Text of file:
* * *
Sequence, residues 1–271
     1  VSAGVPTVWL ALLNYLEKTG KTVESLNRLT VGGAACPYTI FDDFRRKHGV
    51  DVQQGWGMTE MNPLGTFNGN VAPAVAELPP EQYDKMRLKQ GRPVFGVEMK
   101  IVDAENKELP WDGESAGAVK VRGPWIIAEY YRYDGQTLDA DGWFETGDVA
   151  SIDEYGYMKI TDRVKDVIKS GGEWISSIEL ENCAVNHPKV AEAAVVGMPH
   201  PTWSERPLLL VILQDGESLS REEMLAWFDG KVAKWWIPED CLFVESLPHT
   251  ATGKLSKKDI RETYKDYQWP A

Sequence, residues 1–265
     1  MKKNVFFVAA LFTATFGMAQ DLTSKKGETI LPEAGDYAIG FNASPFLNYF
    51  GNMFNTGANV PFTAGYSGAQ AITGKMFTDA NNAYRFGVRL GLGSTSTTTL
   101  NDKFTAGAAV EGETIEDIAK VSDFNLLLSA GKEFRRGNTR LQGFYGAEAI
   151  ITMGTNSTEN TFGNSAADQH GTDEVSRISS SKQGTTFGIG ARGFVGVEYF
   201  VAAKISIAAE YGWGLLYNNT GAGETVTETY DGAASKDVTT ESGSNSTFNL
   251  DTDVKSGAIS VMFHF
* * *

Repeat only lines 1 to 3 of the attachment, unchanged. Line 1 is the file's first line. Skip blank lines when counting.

Sequence, residues 1–271
     1  VSAGVPTVWL ALLNYLEKTG KTVESLNRLT VGGAACPYTI FDDFRRKHGV
    51  DVQQGWGMTE MNPLGTFNGN VAPAVAELPP EQYDKMRLKQ GRPVFGVEMK